Inside ETFs Recap: The Era of Choice and Change is Here | ETF Trends

By Salvatore J. Bruno, Chief Investment Officer and Managing Director for IndexIQ

Last month, several of my colleagues and I made what has become an annual pilgrimage to sunny Hollywood, Florida for the world’s largest ETF conference: Inside ETFs. Part marketing and sales event, part educational initiative, and part industry reunion, Inside ETFs is always a thought-provoking event and this year’s conference was no different.

In fact, even given the fact that we were coming off a relatively turbulent 2019, the overall mood of the conference was positive, dare I say refreshing, with both ETF firms and advisors seeming ready for the industry to grow in some new and innovative ways.

I wrote in my 2020 Outlook blog last month that we’re approaching an era of choice and change in the ETF industry and the major themes at Inside ETFs were further indications of just that. Among my key takeaways from this year’s conference:

Wrapper’s Delight

When it comes to “choice,” the ETF industry has done a great job of delivering products designed to fit investors’ needs. And with the recent regulatory approval of a handful of different actively managed nontransparent ETF approaches, issuers themselves have been given a powerful new option for creating and packaging different solutions.

If there was a “dominant” theme at this year’s Inside ETFs, this was it, and it is clear that these new structures have already encouraged traditional active managers to start thinking about bringing new or existing strategies to the ETF marketplace without needing to “show their cards,” something that has long been a stumbling block for a number of active shops.

The opinion was definitely split at the conference as to just how much asset growth these funds will see between now and the end of the year, but for us, that sort of short-termism actually does the category, and investors, a disservice. Anything new will need time to develop so while we’re excited about the new choices these active nontransparent approaches will help create in 2020, we’re more interested in how this category evolves over the next 3 to 5 years. In short, ask me how this development has played out when you see me at Inside ETFs 2025, not 2021.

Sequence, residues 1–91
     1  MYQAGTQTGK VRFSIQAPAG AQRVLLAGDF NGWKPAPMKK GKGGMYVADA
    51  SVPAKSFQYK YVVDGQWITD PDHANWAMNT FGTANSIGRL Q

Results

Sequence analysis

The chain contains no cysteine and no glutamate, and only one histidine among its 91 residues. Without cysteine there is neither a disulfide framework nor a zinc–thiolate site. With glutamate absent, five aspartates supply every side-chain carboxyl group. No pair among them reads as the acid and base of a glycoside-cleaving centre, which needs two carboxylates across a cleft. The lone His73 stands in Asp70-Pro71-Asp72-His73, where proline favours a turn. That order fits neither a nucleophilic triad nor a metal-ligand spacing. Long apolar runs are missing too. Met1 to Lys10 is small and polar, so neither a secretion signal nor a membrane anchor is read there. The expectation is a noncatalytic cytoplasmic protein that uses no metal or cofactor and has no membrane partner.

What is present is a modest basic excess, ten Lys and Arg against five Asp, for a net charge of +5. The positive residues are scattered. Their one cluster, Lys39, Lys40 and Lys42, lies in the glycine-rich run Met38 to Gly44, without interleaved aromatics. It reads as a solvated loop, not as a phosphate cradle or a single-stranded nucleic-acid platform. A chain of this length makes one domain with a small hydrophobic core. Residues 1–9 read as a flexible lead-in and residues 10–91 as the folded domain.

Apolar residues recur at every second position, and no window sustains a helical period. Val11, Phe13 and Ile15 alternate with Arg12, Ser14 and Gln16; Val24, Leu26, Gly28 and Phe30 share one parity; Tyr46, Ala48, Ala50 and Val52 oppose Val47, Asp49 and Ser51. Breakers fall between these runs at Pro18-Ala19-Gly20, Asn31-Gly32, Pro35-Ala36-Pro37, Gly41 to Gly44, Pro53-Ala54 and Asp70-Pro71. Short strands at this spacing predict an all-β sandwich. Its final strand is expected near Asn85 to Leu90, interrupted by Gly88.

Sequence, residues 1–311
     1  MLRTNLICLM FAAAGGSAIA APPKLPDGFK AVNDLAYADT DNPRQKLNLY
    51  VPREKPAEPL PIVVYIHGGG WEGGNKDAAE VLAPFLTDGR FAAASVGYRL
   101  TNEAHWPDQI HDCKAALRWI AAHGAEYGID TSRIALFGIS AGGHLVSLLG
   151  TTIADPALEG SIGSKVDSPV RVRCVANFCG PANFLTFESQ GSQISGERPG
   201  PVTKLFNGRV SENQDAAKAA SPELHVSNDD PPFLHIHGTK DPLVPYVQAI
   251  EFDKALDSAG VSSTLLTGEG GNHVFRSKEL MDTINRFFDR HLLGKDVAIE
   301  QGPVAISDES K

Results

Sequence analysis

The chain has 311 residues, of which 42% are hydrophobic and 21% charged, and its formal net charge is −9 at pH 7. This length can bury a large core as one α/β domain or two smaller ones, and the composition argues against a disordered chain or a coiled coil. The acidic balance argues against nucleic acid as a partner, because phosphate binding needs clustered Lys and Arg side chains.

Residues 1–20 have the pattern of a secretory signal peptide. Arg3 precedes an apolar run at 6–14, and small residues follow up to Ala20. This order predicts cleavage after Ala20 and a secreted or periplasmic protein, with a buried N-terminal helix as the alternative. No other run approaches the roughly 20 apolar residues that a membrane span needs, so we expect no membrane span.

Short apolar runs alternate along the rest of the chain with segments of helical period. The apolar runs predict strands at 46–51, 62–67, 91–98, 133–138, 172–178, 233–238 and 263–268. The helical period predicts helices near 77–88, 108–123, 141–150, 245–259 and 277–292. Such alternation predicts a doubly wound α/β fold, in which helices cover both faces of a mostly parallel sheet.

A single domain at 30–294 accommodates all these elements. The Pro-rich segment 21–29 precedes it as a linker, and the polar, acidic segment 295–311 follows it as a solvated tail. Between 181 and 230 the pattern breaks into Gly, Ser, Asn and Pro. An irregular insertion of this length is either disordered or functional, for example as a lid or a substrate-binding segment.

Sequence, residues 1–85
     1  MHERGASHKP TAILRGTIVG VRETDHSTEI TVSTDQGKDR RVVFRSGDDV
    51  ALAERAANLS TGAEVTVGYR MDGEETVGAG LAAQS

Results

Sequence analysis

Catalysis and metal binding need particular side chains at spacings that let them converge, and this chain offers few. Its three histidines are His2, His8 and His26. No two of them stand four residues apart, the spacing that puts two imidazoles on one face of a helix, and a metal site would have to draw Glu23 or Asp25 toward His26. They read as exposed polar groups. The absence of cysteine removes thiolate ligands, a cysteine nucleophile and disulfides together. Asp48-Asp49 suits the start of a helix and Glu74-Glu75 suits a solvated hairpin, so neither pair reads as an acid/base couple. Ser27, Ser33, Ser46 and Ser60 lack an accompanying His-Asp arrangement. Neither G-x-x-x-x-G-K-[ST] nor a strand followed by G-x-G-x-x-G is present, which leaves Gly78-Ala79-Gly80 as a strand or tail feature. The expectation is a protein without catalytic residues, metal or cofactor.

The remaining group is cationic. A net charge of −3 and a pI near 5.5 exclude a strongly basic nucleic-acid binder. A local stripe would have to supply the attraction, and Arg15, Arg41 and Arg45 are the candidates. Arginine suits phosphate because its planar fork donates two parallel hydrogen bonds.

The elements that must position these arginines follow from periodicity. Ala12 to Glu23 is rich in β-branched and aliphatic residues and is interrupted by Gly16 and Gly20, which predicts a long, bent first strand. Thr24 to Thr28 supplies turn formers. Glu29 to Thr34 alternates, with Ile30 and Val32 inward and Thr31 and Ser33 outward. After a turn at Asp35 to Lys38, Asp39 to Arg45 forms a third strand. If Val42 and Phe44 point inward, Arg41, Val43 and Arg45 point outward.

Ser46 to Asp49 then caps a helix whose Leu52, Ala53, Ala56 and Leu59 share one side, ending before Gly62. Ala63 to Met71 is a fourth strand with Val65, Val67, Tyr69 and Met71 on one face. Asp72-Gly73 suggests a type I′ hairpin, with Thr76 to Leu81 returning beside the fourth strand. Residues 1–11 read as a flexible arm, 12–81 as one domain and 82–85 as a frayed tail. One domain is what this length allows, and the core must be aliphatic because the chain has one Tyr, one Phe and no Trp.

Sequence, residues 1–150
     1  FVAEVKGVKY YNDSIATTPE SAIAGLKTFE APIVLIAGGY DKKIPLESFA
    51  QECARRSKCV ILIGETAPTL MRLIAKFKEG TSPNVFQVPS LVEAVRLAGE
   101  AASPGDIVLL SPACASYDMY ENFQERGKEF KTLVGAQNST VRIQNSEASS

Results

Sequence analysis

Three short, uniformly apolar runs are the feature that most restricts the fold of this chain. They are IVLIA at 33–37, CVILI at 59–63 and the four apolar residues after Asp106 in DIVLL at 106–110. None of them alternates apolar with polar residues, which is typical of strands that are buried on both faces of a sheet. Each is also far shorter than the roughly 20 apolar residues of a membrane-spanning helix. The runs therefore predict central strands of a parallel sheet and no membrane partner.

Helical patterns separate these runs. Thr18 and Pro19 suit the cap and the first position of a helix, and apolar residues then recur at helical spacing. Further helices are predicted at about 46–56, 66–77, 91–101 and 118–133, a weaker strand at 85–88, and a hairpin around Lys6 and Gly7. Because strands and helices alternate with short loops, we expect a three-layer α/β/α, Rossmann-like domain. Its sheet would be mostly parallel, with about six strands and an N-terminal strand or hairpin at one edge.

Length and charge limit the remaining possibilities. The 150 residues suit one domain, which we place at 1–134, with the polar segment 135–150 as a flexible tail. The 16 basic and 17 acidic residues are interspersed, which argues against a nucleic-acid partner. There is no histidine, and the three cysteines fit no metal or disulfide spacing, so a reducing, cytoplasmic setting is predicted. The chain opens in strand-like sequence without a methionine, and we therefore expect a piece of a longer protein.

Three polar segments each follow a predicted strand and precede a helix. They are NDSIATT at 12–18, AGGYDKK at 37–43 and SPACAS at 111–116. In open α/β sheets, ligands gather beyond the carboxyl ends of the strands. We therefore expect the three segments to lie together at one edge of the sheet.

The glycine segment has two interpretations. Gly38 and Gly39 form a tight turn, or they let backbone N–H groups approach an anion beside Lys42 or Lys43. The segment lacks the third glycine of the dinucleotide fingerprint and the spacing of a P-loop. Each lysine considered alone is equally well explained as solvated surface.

You Can’t Not Have an Opinion on ESG

If the active nontransparent space was the dominant theme of this year’s conference, ESG was not far behind. Numerous panels focused on how ESG burst into the mainstream in 2019 and how much growth the category seems poised to experience in 2020.

Inside ETFs also had all the ESG “swag” one can come to expect from any big conference these days – I now have enough metal straws and recyclable bottles to last several lifetimes – but I was also struck by the depth of the conversations my colleagues and I had with advisors and our peers in the industry, which included deep discussions of what ESG means (and how it may mean different things to different investors), how it’s classified, how it’s measured, the due diligence required in building an ESG portfolio, and what impact different ESG approaches may have on returns. Though the outlook for the further adoption of ESG-focused is encouraging, there remains a lot for all of us to do when it comes to education.

There were numerous other topics and highlights that we found very compelling during our four days in Florida, but those two key topics – active nontransparent and ESG – were the ones we found taking up a great deal of our thoughts and time. In an industry entering an era of choice and change, it will be fascinating to watch how both of these topics develop further in the months to come.

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ESG Environmental, social and governance criteria are standards for a company’s operations that socially conscious investors use to screen potential investments. Environmental criteria consider how a company performs as a steward of nature. Social criteria examine how it manages relationships with employees, suppliers, customers, and the communities where it operates. Governance deals with a company’s leadership, executive pay, audits, internal controls, and shareholder rights.

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